“A Convenient Proposal” [PG-13] 4/5




PART 4 – Advice From the Lovelorn

Evelyn sat back into her chair. A sharp pain stabbed her lower back. God! How uncomfortable she felt! “Before we start this discussion that’s making you look so earnest,” she said to Barbara, “would you mind if we move? My back is killing me.”

“Oh.” Barbara blinked. “Sure honey.” She sprung out of her chair and helped Evelyn stand up. The pair headed straight for the living room, where Evelyn slowly eased onto the large sofa. Barbara rushed back into the kitchen to fetch refreshments for the pregnant woman.

While the blond nurse was in the kitchen, the other three nurses descended the staircase and headed for the front door. Martha and Sandra had changed into civilian dresses. “Remember,” Sandra said to Evelyn, “if you need to talk, I’ll be back.” Evelyn thanked her and the trio left the house.

Barbara returned to the living room, carrying a tray filled with sandwiches, a pot of coffee and two cups. “Here you go, sweetie.” She placed the tray on the table, situated in front of the sofa. Then she piled two sandwiches on a napkin and handed them to Evelyn. “How do you like your coffee?”

Munching on a sandwich, Evelyn replied, “With lots of milk and sugar.”

Barbara prepared a cup of coffee, just as Evelyn had ordered. She placed it on the small table, next to the sofa and within the latter’s reach. Then, “Honey, may I ask you a question?” She reached for her own sandwich.

“Shoot,” Evelyn said between bites.

Blue eyes stared directly into dark brown ones. “Evelyn, what were you thinking?”

The blunt question took Evelyn by surprise. She stared at Barbara. “Huh? What are you talking about?”

“I’m talking about the late Captain Daniel Walker,” Barbara shot back. “And that.” She pointed at Evelyn’s swollen abdomen. “Just what in the hell were you thinking?”

Evelyn’s cheeks burned hot with embarrassment. She placed the remaining sandwich next to her cup of coffee. “Don’t you think you’re being a little too personal, Barbara?” she retorted in a cool voice.

“Personal?” Barbara’s blond brows shot upward. “Honey, we’ve been talking about your love life for the past hour or so with the other girls. You didn’t seem to mind then. Tell me,” she leaned forward, “did you love him? Danny, I mean.”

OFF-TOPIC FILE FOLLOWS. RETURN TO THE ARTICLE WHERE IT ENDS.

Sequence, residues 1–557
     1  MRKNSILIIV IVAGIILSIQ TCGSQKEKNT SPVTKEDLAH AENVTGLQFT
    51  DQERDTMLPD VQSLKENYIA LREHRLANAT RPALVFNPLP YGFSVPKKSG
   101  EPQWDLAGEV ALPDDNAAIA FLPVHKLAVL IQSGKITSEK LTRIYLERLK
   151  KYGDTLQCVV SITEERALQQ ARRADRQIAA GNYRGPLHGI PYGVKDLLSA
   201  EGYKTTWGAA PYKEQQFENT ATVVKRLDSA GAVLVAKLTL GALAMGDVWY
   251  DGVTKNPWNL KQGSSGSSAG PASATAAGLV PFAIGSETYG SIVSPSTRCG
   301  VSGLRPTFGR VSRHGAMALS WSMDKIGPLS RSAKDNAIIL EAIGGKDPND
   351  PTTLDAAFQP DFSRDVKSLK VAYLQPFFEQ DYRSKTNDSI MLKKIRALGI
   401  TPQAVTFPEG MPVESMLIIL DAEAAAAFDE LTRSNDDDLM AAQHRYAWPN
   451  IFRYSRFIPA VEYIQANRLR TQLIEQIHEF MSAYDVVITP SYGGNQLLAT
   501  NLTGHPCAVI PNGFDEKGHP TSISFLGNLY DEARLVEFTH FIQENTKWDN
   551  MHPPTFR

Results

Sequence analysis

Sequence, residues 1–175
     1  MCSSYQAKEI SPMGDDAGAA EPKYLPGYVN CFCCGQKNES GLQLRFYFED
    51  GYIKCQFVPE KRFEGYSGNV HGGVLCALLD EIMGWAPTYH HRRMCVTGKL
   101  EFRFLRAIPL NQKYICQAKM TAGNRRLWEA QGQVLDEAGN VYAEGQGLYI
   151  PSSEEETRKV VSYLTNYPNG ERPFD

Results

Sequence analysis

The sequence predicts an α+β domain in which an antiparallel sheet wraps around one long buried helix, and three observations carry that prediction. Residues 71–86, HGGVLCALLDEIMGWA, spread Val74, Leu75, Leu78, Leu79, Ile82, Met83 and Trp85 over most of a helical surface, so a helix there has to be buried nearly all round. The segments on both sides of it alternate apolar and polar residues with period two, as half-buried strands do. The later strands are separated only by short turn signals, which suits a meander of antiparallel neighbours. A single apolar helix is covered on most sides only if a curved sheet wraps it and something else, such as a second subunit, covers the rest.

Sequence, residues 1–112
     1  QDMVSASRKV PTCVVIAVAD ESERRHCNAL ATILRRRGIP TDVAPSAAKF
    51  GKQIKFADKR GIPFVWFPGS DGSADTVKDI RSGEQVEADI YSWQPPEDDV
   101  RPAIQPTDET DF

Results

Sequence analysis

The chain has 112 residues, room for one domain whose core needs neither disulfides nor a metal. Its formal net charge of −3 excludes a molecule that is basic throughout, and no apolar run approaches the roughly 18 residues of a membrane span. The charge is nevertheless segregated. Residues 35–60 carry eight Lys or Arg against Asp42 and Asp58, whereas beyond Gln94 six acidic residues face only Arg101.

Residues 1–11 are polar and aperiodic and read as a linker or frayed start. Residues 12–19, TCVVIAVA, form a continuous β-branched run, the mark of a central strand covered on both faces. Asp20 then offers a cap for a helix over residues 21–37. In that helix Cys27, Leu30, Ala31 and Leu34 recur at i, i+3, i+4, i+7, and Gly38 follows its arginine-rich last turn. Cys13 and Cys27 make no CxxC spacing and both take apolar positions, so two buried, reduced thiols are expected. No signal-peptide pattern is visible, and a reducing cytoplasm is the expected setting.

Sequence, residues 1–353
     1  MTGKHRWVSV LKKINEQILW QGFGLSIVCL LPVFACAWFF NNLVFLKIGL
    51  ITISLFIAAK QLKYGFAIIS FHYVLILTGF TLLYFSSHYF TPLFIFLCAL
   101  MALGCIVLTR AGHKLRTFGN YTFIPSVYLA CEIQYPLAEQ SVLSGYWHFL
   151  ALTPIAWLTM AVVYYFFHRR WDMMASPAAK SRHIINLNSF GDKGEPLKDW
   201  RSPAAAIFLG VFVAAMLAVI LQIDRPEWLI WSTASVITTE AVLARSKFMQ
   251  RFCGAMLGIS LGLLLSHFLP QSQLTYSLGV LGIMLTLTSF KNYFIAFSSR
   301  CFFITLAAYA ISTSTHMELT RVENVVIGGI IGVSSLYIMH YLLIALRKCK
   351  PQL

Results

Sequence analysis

Evelyn shot back, “Of course I did! Danny was a wonderful man. Warm, sweet and compassionate. And very loving. Did you know that he wrote poetry?”

Barbara took a sip of coffee. “No kidding. I didn’t know you like poetry.”

“It’s nice,” Evelyn said with a shrug.

Silence followed as Evelyn found herself squirming under Barbara’s direct scrutiny. Then the older woman smiled. “So it’s nice, huh? Exactly what did you mean by nice? It’s okay or it’s grand?”

An impatient grunt escaped Evelyn’s lips. She retorted, “What are you getting at, Barbara?”

“It’s like this, honey. Were you in love with Danny?”

“Didn’t you hear what I said? I told you, yes!”

Barbara shook her head. “You said that you loved Danny. You never said anything about being in love with him.”

Evelyn’s patience snapped. “What’s the difference?”

“The difference is this,” Barbara began. Her face expressed a patience rarely seen on her face. “Loving someone is like feeling deep affection and warmth toward him. Or her. It’s a feeling you would have for a . . . a beloved relative or a friend. Or even an old boyfriend you had a lot of fun with.”

Evelyn stared at her friend. “Was that how you felt about Billy?” She referred to the pilot Barbara had dated, until his death during the Japanese attack at Pearl. Billy had been the victim of a delayed bomb that had landed not far from the pilots’ barracks.

Barbara shrugged. “Not quite. I guess I felt a little more.” She paused and glanced away. “After all, I had dated the bum for nearly a year. But I wasn’t in love with him.”

“I still don’t understand what you’re saying. What’s the difference?”

“Being in love,” Barbara continued, “is like having a soul mate.” Her eyes grew wistful. “Two hearts beating as one. Chemistry. Magic. Like Greer Garson and Ronald Colman in ‘RANDOM HARVEST’. You can barely breath when you’re around him. Or her.” She paused. “How did Danny make you feel?”

Certainly not like that, Evelyn immediately thought. Then she mentally castigated herself. How could she say that to herself? Those two months with Danny had been wonderful. She even managed not to think of Rafe. At least most of the time. And yet, she had to admit that she never felt any chemistry or magic around Danny. Quietly, she answered, “He made me feel nice. Loved.”


Evelyn paused. Might as well be honest. “No,” she finally replied. “He didn’t.”

Barbara nodded. “I’m not surprised. And Rafe? How do you feel about him?”

How did she feel about Rafe? Evelyn recalled that first moment her eyes had met his at Mitchell Field eighteen months ago. And the way her heart thumped rapidly at the sight of him descending the airplane just two or three hours ago. A deep heat washed over her body.

“You know, if only you could see yourself right now,” Barbara commented, interrupting Evelyn’s musing. “You’ve got this big, silly grin on your face.”

Embarrassment quickly wiped away Evelyn’s grin. “I do? I mean . . . oh! Never mind.” She took a sip of coffee.

Barbara continued, “You never answered my question about Rafe.”

Evelyn quickly responded under her breath, “I love him.”

“What? I didn’t hear you.”